Thursday, January 11, 2007

The Hawks Are Alive!

Photo: © 2004-2005 Patricia Velte

During our drive back and forth between Austin and Baton Rouge for Christmas, Annie and I saw an unprecedented number of hawks along the highway, perched high on billboards, trees, and telephone poles, keenly alert for prey. We counted something like 14 on the way to Baton Rouge before the light was gone, which we thought was pretty amazing. Annie has a real eye for them, spotting them amid dense stands of wood as well as on far off fence posts, even while she was driving. (I prefer to believe she simply has a sixth sense about them, rather than that she wasn't watching the road. We each have our illusions that get us sanely through the day.)

On the way back, we counted an astounding (to us, anyway) 42 separate hawks! Apparently we were in the middle of their annual winter migration, a little later than usual. I wrote to the Texas Ornithological Society in Houston to see what species of hawk they might be (from photos, I thought maybe they were Cooper's Hawks), but President David Sarkozi said from my description they definitely sounded like Red-Tailed Hawks:

Most of your hawks were likely Red-tailed Hawks. The eastern form
expected on that drive is very light colored. Cooper's are forest
birds and don't spend a lot of time in the open, while Red-tailed
hunt from perches. There is an old adage in Texas birding, all
roadside hawks are red-tailed hawks until proven otherwise.

They're certainly beautiful, majestic, impressive birds. The white plumage on their chests really catches your eye when they're perched, and I can see how if you were on the ground looking up, that would blend right into the cloud cover. Were they there every year, but I never noticed them? Had we not moved out into the country, would we still have been in the right frame of mind to pay attention? I wonder how many other marvelous creatures are in our field of view every day, unnoticed and unremarked, there for us to gaze at, rapt, had we only the courage to look.


Anonymous said...

Call me an orinthological nerd, but I love looking for birds. We see these red-tailed hawks all the time. When you see one in flight, it's a ballet of grace and strength. Out at our cabin in Cat Spring, we see and hear woodpeckers and doves all the time. We also see painted buntings, and they are the most gorgeous birds I've ever seen at our feeder. The little birds are feisty and the song birds sing all day long. Once you notice the birds, it's amazing how beautiful they are. I've actually considered keeping a birders log because Houston is located in the flyway. Great photo. -- Denise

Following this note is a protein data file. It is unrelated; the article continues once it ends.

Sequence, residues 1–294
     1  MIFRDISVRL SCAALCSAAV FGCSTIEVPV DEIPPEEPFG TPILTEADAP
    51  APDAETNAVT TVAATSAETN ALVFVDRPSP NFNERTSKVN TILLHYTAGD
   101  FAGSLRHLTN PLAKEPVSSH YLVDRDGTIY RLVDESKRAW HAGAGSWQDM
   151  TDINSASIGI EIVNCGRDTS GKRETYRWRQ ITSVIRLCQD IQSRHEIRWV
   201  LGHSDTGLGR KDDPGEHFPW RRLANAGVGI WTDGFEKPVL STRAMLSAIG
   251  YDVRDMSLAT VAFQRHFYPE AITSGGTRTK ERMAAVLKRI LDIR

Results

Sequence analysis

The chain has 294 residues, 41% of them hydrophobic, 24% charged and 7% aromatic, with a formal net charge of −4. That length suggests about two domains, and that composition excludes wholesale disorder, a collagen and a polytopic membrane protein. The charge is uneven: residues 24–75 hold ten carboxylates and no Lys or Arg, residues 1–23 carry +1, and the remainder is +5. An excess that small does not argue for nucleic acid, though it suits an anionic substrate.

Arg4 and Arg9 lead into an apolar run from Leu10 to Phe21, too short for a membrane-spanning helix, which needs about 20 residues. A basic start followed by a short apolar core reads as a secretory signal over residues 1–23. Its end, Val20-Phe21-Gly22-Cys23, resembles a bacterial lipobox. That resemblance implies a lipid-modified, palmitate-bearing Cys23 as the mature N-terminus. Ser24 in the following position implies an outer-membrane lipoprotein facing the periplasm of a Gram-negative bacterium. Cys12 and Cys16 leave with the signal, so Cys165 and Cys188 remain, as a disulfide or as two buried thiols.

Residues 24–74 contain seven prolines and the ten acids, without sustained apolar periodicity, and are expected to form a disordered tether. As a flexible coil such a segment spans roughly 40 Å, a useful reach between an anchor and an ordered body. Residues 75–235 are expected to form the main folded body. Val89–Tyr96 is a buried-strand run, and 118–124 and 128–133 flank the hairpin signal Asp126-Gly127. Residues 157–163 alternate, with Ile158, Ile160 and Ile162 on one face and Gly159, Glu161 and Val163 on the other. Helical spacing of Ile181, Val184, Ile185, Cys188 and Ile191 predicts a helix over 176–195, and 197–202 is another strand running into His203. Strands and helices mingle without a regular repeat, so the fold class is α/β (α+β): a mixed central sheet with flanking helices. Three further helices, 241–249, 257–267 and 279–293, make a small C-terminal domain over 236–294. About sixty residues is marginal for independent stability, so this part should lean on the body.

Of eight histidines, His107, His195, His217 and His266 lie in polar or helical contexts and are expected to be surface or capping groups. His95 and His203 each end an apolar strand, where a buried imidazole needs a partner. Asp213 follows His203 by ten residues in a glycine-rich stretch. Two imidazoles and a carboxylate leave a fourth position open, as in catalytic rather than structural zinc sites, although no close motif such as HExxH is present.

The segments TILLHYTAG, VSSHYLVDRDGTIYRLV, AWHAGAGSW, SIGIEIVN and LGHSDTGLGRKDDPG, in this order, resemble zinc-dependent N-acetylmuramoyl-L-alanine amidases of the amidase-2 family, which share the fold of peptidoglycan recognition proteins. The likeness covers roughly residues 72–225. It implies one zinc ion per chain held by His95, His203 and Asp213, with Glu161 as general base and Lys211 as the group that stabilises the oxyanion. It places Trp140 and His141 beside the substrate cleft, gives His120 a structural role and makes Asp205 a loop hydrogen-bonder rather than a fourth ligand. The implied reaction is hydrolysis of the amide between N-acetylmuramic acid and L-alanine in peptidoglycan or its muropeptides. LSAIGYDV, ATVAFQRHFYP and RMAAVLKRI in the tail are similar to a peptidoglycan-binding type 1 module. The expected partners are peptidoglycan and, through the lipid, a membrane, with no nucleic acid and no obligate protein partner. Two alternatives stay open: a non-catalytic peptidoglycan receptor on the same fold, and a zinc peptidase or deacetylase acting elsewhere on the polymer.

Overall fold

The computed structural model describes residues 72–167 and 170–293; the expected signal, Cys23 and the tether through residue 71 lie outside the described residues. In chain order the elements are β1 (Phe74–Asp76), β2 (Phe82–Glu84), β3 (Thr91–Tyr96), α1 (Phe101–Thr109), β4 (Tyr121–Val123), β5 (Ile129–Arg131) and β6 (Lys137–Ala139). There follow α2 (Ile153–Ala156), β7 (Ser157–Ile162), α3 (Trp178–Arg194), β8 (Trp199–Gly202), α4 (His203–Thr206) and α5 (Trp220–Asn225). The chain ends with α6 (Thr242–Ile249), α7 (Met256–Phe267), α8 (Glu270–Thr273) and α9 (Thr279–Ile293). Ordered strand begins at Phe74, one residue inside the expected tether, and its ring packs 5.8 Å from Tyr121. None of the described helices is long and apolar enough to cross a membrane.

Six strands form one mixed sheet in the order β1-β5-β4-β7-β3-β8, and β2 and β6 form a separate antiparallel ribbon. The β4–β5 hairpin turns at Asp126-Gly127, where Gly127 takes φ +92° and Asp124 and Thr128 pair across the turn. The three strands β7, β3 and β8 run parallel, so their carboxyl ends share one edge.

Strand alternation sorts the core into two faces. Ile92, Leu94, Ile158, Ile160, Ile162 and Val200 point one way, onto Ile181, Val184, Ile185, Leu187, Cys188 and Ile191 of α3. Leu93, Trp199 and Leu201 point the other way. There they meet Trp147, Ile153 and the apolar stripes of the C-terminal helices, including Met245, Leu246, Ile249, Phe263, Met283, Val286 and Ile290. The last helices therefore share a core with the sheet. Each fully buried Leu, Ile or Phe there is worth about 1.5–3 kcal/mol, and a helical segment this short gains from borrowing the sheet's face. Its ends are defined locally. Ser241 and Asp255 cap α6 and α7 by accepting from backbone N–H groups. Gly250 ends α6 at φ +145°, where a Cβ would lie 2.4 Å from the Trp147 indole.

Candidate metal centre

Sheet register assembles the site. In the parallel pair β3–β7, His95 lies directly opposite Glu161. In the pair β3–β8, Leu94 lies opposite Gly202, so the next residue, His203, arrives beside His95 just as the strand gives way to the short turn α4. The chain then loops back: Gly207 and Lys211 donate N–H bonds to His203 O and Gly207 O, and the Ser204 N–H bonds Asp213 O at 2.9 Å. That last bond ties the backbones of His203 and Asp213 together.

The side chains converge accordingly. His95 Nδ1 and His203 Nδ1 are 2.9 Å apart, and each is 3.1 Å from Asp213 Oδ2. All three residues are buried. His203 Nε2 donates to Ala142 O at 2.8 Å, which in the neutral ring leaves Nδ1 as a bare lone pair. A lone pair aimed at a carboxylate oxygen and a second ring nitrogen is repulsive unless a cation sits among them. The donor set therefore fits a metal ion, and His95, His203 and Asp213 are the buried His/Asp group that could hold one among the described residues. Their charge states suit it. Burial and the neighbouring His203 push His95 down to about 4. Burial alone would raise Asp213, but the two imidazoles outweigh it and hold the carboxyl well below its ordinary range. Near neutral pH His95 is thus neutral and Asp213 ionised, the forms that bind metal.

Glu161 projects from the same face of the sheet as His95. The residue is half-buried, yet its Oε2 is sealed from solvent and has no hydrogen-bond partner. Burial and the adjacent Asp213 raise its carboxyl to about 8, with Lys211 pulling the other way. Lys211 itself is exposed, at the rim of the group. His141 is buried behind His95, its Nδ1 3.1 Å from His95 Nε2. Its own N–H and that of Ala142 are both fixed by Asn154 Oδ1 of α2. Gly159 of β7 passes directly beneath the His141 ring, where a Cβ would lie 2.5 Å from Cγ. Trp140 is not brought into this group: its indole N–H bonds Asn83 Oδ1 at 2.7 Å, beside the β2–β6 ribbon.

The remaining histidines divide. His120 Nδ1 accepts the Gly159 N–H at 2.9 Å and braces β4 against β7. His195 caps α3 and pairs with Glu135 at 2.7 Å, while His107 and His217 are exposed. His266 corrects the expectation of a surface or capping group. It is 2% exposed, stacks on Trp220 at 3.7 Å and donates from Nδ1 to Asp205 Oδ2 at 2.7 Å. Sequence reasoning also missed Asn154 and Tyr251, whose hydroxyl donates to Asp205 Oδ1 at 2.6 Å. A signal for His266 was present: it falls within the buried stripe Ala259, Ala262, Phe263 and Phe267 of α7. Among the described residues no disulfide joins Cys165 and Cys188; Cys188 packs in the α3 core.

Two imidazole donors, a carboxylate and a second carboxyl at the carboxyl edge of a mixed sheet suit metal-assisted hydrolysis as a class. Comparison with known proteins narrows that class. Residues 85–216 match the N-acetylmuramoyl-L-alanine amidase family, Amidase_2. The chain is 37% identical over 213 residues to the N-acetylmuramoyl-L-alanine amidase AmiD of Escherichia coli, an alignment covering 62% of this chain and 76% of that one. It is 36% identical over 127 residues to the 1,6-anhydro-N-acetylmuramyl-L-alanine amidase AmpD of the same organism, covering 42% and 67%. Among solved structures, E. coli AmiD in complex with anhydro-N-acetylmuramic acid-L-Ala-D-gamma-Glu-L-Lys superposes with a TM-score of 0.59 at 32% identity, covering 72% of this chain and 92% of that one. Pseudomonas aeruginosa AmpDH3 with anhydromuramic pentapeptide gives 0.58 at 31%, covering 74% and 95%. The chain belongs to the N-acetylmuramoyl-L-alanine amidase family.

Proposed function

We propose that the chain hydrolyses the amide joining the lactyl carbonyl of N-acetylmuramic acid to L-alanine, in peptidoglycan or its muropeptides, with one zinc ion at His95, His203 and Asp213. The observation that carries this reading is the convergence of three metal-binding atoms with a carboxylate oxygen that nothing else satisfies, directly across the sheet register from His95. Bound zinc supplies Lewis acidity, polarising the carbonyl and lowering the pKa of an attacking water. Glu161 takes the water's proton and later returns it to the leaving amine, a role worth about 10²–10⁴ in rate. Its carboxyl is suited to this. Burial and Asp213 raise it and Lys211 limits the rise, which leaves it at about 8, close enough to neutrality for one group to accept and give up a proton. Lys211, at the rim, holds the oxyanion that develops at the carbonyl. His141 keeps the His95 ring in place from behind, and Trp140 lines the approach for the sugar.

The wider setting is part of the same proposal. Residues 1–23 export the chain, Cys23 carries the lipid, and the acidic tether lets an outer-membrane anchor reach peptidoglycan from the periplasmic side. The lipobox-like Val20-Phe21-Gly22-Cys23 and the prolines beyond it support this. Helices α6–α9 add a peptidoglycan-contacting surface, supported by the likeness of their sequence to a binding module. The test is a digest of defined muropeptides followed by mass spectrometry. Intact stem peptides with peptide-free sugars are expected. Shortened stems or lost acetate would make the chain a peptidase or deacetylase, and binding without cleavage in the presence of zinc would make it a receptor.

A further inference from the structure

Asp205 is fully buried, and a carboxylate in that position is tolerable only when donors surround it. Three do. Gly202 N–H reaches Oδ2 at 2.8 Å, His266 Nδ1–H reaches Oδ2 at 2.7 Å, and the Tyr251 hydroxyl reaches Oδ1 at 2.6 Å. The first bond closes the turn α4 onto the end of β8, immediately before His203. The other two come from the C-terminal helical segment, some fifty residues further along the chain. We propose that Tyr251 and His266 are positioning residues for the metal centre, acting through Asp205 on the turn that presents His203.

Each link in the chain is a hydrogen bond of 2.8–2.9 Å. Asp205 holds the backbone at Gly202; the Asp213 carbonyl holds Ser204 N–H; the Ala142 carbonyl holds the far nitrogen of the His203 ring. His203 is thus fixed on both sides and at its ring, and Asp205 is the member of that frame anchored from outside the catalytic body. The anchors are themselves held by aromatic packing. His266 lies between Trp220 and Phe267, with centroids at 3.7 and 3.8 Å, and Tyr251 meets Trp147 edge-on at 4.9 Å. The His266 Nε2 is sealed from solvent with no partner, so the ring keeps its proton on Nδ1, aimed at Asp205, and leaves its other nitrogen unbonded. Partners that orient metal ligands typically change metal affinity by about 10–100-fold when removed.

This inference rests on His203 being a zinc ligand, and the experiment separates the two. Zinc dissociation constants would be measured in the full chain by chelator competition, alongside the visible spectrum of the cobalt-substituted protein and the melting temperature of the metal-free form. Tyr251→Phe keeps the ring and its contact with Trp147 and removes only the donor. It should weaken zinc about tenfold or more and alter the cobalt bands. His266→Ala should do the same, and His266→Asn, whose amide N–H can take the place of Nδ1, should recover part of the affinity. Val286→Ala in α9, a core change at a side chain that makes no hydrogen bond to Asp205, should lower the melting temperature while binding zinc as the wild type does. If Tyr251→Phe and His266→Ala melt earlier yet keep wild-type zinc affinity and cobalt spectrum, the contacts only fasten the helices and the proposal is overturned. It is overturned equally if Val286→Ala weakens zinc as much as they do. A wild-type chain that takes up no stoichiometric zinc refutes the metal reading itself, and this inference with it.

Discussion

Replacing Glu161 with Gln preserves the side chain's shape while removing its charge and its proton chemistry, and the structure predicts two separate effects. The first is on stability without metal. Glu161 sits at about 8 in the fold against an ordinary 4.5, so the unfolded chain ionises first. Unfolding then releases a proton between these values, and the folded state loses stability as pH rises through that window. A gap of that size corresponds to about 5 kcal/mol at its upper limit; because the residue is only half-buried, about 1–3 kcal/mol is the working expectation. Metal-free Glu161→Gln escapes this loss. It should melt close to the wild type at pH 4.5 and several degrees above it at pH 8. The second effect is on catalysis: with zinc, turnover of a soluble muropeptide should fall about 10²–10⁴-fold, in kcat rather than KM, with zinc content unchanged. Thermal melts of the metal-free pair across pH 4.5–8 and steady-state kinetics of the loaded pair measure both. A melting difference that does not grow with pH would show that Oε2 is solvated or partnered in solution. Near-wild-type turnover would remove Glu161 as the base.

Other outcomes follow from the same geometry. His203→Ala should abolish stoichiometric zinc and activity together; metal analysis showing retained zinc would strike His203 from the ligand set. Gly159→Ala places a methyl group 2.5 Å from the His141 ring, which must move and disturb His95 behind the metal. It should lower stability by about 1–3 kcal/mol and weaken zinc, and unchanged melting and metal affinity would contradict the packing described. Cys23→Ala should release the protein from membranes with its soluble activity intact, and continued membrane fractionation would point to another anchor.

snake lady said...

Jeff and Annie are just north of the Balcones Canyonlands NWR. The hawk count there in years past has gotten up into 4 digit numbers. Doe Skin ranch area has had a "kettle" of 400 hawks during migration. I could write forever of the joy I have received birding. Last week was the Audobon Christmas Bird count for this area. I spent 8 hours with my dear 99 year old friend, Ursula, who actually organized the first bird count in Burnet county. She is as enthusiastic about life as a 12 year old - because she "birds". Ursula says birds taught her what is important in living. To be a sweet 99 year old lady from Germany who survived the Holocaust, that says a lot for birding! (But it's hard to look for snakes and birds at the same time)

Anonymous said...

Jeff, have I ever told you the story of my encounter with a red-tailed hawk in our attic? The end of the story is that I am peering at a shadow into the back of the dark attic, wondering what the heck is that thing, just as it spreads its wings and flies right at me. No 6 year old girl could possibly scream any louder than I did!! In any event, I found out that keeping doves as a pet is called "bait" to the "hawk lady" at LSU (yes, there are people who are experts in hawks, and no, they do not remove them from your attic.) I also found out that the "hawk lady" does not approve of shooting a hawk in said attic nor as it attacks your pet "bait". There seems to be a higher value of hawk life over dove life. The entire story must be shared over cold beer and bird-drop soup.
p.s.- Hawk Lady also didn't respond well when I told her I had eaten a lot of spotted owl, did hawk taste the same?